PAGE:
Nakamura Tomijūrō II (二代目中村富十郎: 1/1833 to 2/1855) (actor 1786 – 1855)

Keishi (poetry name - 慶子)
Sankō (poetry name - 三光)
Tokiwa (poetry name - 常盤)
Namba no Tayū (nickname - 灘波の太夫)
Ichikawa Kumatarō (初代市川熊太郎: to 10/1812)
Nakamura Matsue III (三代目中村松江: 11/1813 to 12/1832)
Nakamura Sankō I (初代中村三光: 11/1812 to 10/1813)




This actor held this name from 1/1833 to 2/1855. The name Tomijūrō II had not been used since 8/1786 and was considered prestigious. There are 4 prints in the Lyon Collection from his time as Tomijūrō II. However, there are also 6 prints from the periods when he appeared on stage as Nakamura Matsue III.

Born in Osaka, his first master was Ichikawa Jinnosuke, who gave him the name of Ichikawa Kumatarō and let him play in his troupe of children actors (Kodomo Shiba). Jinnosuke died in the 7th month of 1808. Matsue III took a new master, Nakamura Utaemon III, in 1812.


"Great onnagata trained in the Kamigata acting traditions, Nakamura Tomijûrō II was also an excellent dancer and a renowned musician. His best roles were Omiwa ("Imoseyama Onna Teikin"), Masaoka ("Meiboku Sendai Hagi") Osono ("Hikosan Gongen Chikai no Sukedachi") and Akoya ("Dan no Ura Kabuto Gunki").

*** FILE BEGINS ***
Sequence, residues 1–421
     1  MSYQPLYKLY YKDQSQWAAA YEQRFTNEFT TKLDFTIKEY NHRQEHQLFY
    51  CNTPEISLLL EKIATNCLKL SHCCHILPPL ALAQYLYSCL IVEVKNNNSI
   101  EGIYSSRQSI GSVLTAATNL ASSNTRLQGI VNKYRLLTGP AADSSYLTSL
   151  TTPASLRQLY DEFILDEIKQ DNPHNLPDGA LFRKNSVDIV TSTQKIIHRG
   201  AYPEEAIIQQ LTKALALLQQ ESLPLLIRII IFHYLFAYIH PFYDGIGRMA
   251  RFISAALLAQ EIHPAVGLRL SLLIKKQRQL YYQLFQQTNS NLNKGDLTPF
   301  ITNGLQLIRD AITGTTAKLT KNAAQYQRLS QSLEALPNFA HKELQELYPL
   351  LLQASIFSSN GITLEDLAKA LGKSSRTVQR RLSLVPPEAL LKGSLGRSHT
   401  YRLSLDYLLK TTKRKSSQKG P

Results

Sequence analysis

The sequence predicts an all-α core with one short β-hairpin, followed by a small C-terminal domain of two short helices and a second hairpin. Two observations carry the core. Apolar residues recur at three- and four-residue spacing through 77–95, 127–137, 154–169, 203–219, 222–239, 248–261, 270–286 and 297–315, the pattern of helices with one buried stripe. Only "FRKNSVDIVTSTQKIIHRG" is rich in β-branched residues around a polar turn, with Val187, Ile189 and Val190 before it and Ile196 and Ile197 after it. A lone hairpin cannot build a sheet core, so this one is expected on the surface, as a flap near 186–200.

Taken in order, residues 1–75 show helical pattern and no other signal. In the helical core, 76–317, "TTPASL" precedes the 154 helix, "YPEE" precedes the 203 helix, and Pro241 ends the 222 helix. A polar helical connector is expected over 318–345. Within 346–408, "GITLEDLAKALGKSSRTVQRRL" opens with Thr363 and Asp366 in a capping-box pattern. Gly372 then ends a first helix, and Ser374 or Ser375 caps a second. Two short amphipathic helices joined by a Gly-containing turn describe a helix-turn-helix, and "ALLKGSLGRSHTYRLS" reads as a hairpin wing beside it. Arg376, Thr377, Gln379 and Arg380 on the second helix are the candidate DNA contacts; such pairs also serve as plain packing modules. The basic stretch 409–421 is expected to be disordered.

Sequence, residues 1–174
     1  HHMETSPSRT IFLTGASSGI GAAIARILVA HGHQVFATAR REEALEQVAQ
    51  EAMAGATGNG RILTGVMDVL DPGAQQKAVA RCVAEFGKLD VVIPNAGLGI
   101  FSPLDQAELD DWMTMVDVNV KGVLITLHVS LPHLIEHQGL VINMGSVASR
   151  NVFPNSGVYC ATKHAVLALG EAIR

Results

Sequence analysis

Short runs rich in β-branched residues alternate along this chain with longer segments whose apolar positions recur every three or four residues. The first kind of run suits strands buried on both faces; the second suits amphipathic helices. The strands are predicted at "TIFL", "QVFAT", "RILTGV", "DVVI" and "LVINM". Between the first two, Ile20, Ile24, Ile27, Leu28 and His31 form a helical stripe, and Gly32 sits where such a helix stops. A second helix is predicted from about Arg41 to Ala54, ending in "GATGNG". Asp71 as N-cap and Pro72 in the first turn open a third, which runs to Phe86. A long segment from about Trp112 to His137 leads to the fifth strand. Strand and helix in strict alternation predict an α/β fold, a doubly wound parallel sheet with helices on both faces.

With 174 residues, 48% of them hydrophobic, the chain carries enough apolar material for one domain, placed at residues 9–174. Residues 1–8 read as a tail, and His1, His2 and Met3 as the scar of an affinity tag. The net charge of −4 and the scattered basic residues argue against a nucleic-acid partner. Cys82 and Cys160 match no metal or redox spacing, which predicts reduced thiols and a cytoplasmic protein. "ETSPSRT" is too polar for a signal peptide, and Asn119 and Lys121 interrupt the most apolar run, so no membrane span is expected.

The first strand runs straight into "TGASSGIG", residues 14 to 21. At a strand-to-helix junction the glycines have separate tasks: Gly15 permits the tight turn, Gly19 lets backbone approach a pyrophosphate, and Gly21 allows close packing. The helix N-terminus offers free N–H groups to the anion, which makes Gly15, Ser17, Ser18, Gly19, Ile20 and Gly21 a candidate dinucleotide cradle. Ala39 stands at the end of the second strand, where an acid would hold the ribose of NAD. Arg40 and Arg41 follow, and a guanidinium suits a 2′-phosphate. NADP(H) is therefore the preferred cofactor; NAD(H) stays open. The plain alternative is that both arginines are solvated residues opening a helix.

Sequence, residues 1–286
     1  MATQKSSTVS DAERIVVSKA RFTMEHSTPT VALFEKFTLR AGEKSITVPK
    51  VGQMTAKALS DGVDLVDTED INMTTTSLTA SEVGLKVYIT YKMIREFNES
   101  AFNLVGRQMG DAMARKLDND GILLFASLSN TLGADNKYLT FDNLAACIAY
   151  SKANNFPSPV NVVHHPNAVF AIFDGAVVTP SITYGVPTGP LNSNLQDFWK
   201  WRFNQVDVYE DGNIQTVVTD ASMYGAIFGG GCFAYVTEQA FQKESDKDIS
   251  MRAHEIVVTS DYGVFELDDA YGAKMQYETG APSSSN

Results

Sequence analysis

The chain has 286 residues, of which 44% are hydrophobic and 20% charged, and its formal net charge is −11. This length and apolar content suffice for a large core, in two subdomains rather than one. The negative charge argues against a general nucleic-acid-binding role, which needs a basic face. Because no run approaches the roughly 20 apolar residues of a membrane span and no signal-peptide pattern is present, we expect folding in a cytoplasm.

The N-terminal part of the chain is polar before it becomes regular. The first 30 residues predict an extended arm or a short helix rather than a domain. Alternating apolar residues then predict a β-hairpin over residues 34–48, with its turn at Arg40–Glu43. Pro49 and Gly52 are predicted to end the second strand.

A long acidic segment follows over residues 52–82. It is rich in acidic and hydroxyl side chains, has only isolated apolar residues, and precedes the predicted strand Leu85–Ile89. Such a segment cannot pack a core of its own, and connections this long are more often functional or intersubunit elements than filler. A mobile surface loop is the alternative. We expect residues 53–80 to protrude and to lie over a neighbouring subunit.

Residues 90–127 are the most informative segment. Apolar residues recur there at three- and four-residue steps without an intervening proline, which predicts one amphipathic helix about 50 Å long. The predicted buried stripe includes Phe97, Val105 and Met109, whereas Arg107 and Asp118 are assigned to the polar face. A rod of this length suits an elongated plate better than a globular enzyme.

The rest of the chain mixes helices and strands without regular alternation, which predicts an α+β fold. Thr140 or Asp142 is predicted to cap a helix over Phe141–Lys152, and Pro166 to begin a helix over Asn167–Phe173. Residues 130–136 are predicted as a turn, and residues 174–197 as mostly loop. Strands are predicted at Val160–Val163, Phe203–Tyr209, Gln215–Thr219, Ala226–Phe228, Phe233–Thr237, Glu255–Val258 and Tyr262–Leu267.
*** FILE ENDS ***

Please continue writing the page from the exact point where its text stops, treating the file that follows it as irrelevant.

Quoted directly from Kabuki21.


"In the Bunka and Bunsei period the representative onnagata in Osaka and Kyoto was Nakamura Tomijuro. He was exiled by the authorities from Osaka for extravagance. He tried to have his sentence revoked, and travelled up to Yedo to appeal to the authorities, but in vain. Although he had been at the top of his profession, with no other onnagata to rival him, yet he was unable to return home, and spent his life in Sakai, the port near Osaka, where he was obliged to play in country theatres with inferior players. This must have been severe punishment for an actor of genius, who lived to be 70 years of age."

Quoted from: Kabuki, the Popular Stage of Japan by Zoë Kincaid, pp. 141-142.